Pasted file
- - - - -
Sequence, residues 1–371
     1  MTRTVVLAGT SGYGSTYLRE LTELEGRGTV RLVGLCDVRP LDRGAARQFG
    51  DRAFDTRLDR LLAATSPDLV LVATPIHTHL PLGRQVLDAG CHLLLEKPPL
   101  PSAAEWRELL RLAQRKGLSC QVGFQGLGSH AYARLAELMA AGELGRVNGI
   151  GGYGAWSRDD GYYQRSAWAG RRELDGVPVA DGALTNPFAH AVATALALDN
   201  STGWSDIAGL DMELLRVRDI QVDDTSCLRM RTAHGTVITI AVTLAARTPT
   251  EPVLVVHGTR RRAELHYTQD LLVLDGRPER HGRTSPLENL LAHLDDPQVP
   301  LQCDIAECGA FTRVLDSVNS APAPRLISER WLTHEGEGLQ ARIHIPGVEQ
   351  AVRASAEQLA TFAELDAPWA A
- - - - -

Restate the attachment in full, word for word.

Sequence, residues 1–371
     1  MTRTVVLAGT SGYGSTYLRE LTELEGRGTV RLVGLCDVRP LDRGAARQFG
    51  DRAFDTRLDR LLAATSPDLV LVATPIHTHL PLGRQVLDAG CHLLLEKPPL
   101  PSAAEWRELL RLAQRKGLSC QVGFQGLGSH AYARLAELMA AGELGRVNGI
   151  GGYGAWSRDD GYYQRSAWAG RRELDGVPVA DGALTNPFAH AVATALALDN
   201  STGWSDIAGL DMELLRVRDI QVDDTSCLRM RTAHGTVITI AVTLAARTPT
   251  EPVLVVHGTR RRAELHYTQD LLVLDGRPER HGRTSPLENL LAHLDDPQVP
   301  LQCDIAECGA FTRVLDSVNS APAPRLISER WLTHEGEGLQ ARIHIPGVEQ
   351  AVRASAEQLA TFAELDAPWA A